Curating a wardrobe — mindfully
The past few months had me thinking ( and sometimes wrestling ) a lot with my choices as a consumer, the 'votes I cast' and the the 'demand I encourage' every time I buy something. The thoughts naturally overflowed into my wardrobe and had me re-evaluate my mindset towards the things I clothe and adorn myself with daily.
Being an avid 'spring cleaner', cleaning out the old and making space for the new is no new task to me. However, I came to realise there is a vast difference between doing it out of habit and doing it with intention.
It seems like everyone is craving more space around them, but not just physically, mentally and emotionally as well. There is a lot to be said about being mindful, minimalism and creating a wardrobe that we love, that love the earth and makes us feel loved, but the real work happens when we get practical about it. When we no longer just ponder, but actually put our hands to work.
And that is what Pippa Leenstra is sharing with us today — practically putting our best wardrobe intentions to work.
Without action, the best intentions in the world are nothing more than that: intentions. — Jordan Belfort
written and contributed by Pippa Leenstra
If you’re looking to have more space, literally and metaphorically, then building a wardrobe intentionally is one thing you can do to help create that.
If you are conscious about what you bring into your wardrobe, you’ll likely end up having only items in it that you love and that work for you.
Think about your morning routine; getting dressed is an essential part of that. If the process of getting dressed is effortless, it frees up time and space for you to enjoy other important morning rituals; like savouring that cup of coffee, rather than drinking half of it ( ice cold ) before having to fly out of the house in a rush.
If you can curate a wardrobe mindfully and with intention, you will hopefully end up with what I refer to as a Minimalist Wardrobe (MW). A Minimalist Wardrobe does not have to be half empty, or pared down, or consist of black, white and grey items only. Rather, it is a wardrobe that consists of only items that you enjoy wearing, plus the basics that make it work for you.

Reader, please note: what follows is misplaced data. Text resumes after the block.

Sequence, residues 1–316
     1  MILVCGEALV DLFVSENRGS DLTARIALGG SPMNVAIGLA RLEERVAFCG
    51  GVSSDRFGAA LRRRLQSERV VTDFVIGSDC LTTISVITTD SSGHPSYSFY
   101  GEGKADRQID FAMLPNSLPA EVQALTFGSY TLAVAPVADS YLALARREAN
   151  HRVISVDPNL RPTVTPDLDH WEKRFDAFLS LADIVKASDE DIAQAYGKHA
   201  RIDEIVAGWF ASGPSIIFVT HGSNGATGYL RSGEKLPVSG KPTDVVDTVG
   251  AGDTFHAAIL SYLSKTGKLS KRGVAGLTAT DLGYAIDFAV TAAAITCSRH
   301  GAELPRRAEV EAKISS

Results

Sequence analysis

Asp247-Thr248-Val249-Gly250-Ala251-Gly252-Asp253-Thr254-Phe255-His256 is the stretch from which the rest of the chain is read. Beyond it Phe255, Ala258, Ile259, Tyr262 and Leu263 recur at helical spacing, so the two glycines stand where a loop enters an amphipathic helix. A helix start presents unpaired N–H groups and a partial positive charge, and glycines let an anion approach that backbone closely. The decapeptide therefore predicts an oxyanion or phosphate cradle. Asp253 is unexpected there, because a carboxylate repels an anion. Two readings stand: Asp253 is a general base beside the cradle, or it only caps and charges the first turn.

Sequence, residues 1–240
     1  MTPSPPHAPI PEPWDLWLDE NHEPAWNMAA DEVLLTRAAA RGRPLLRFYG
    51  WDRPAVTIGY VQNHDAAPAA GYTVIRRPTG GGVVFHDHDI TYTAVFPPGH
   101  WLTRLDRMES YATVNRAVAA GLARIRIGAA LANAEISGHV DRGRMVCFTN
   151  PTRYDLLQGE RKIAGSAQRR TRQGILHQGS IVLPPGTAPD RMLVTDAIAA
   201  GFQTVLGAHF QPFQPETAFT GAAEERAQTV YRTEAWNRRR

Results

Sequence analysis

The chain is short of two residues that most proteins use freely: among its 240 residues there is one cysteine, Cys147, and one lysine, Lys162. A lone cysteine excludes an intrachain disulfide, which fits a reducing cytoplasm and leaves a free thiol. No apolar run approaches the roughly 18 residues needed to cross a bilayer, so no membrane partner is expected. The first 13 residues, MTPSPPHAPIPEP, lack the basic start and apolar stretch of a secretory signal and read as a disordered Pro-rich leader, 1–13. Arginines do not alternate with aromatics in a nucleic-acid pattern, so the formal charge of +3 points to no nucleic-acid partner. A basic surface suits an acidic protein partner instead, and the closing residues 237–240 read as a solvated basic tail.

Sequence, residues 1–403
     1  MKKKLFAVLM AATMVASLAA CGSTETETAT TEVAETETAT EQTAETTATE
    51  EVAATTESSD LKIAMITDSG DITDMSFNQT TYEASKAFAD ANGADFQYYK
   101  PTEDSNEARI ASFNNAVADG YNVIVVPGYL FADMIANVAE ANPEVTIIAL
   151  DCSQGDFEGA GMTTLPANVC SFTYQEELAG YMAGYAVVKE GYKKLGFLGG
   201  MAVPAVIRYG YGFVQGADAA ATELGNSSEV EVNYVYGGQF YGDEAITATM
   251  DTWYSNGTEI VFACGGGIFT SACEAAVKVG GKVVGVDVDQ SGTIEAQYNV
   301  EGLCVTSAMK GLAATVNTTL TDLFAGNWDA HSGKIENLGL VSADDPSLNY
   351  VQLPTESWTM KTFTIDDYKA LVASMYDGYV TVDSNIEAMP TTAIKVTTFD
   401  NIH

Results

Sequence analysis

How do we attain a MW?
Start by taking an honest look at your existing wardrobe. Analyse each item in there. Ask yourself how you feel when you hold it; look at it, and most importantly when you wear it. This process can be difficult because we humans attach a lot of meaning to our things, for various reasons…like sentimentality – what an item represents in our lives or what memory it evokes; dreams - of what we should wear and what we should look like; and guilt – for owning an item and not wearing it, realising the money and time that was wasted.
The below steps may help you work through your existing wardrobe, to identify what does and doesn’t work for you
1. — Do what you need to do to get into a happy space i.e. see the process as some me-time, not a chore. Pour wine, tea, put on some music etc.
2. — Take out all the clothes in your wardrobe and divide them in sections e.g. tops, bottoms etc. Follow the below steps, then move onto the next section.
3. — Put back those tops that you LOVE, would buy again, or would wear today.
4. — Sort through the remainder and put those you definitely dislike into a pile – ready to be donated or perhaps thrown away
With the remainder of the pile, ask yourself these questions:
Do I feel good when I wear this? Does it make me feel confident?
When last did I actually wear this item? Can I envisage myself wearing it again?
Does this item fit me properly? Is it flattering on my body?
Is this item comfortable, or do I want to take it off halfway through the day?
If you answered NO to any of the above questions, it’s time to let go of it. If you still can’t do this, put it into a bag or box, and store it out of the way. Then, if you haven’t thought about it (or any of the items) in the box for 6 months, it’s safe to say you can let go of them.